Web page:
The case was finalized on December 8. The suspect pled guilty to five counts of false swearing to obtain resident Wyoming hunting/fishing licenses from the years 2011-2015.

The Uinta County court sentenced the man to pay $10,880 in fines and restitution and to serve five consecutive days in the Uinta County Detention Center. Also, all of his hunting and fishing license privileges suspended for 10 years and he will be entered into the wildlife violator compact agreement of at least 44 states.

Illegal Mountain Lion

On September 27, Green River Game Warden Andy Roosa received a call from Wildlife Biologist Patrick Burke stating that he had checked in a mountain lion that may have been killed prior to the hunter purchasing a mountain lion license.

Warden Roosa conducted interviews with the suspect who registered the mountain lion, as well as his father who was hunting with him at the time the lion was harvested. The son had purchased the mountain lion license at 4:37 p.m. on September 26 in Green River and swore on the mountain lion harvest form that he legally harvested the lion with a bow at approximately 10:00 a.m. on September 27 northwest of Kemmerer.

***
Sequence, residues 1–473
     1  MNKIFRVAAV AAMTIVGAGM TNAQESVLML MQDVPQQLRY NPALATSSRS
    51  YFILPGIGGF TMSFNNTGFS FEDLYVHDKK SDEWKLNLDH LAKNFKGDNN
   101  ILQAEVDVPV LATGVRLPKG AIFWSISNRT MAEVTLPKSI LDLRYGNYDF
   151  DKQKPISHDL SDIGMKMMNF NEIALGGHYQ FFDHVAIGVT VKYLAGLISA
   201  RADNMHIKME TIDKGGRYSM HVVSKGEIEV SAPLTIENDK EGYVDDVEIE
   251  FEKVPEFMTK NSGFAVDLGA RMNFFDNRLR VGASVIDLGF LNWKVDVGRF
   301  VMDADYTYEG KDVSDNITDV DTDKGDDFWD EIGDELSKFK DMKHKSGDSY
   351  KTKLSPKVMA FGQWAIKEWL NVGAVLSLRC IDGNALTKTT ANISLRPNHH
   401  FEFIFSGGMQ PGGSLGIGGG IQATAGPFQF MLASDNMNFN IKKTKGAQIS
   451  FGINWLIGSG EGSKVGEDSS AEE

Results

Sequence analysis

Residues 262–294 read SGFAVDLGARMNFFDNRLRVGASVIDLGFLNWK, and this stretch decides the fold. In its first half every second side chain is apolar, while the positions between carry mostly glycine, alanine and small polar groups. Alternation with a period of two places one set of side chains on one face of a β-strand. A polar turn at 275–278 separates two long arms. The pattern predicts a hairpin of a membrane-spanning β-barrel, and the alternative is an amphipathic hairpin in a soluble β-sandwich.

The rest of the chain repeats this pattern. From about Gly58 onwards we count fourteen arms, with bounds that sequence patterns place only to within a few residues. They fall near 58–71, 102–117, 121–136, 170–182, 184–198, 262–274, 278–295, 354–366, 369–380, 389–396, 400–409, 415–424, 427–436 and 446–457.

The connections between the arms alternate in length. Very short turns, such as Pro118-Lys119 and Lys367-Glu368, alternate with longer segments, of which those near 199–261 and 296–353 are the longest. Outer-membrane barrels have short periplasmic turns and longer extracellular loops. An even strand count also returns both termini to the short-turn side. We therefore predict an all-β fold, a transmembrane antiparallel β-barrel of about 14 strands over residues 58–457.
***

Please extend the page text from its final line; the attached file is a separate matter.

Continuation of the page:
During more than two hours of interviews, it was revealed that the father had shot the mountain lion on September 25 and that neither of the suspects had a mountain lion license at the time.

The father maintained that the lion was sneaking up on him while he was calling for elk in the trees and that he shot it with his bow out of self-defense. He said he had to go to work on Monday and wouldn’t be able to check in the mountain lion himself, so he asked his son to buy the license and tag the lion.

Warden Roosa issued the father a citation for taking a mountain lion without a license and issued the son a citation for accessory after the fact to taking a mountain lion without a license, along with a citation for making a false statement on a mountain lion registration form.

Both suspects pleaded guilty to all charges and were sentenced to pay a fine of $790 each and had all their hunting and fishing license privileges suspended until the end of 2017. The son also paid a fine of $220 on the charge of making a false statement on a mountain lion registration form.